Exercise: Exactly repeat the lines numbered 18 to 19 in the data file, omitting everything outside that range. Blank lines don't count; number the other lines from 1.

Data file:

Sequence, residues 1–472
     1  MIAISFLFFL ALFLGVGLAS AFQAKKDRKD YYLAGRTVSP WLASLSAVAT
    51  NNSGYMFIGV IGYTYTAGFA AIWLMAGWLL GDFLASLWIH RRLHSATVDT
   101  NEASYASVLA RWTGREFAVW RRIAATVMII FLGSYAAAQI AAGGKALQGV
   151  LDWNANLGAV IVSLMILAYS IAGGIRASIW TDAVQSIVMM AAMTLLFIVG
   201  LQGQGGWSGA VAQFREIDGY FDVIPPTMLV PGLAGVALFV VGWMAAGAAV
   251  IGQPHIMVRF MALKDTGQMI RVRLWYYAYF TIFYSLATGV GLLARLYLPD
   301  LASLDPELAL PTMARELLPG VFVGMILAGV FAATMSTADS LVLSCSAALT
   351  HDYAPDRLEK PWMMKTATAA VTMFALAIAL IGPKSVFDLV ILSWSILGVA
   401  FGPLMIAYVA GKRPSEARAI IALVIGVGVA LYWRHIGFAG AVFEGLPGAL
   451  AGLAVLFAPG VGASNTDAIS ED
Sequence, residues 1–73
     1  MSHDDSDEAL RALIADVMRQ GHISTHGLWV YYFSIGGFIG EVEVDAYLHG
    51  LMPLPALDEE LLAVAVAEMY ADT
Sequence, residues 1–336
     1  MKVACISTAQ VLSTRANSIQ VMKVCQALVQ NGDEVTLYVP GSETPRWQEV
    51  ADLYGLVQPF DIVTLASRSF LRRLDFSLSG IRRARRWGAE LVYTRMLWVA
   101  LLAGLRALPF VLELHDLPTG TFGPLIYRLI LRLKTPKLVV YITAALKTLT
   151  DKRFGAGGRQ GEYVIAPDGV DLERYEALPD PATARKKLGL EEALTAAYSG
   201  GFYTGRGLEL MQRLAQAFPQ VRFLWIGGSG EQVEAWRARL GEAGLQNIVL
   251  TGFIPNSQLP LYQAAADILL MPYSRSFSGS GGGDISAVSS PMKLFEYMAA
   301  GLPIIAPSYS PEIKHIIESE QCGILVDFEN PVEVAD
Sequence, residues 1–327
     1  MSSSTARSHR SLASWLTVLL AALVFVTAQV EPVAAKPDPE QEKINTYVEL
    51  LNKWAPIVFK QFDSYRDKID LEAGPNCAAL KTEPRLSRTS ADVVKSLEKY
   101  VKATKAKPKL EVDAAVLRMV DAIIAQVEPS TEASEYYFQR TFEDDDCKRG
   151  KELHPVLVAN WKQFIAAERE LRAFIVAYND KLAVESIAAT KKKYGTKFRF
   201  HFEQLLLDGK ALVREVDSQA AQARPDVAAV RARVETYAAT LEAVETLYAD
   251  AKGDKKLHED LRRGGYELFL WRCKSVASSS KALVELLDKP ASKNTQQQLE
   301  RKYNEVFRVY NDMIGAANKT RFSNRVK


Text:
   101  LLAGLRALPF VLELHDLPTG TFGPLIYRLI LRLKTPKLVV YITAALKTLT
   151  DKRFGAGGRQ GEYVIAPDGV DLERYEALPD PATARKKLGL EEALTAAYSG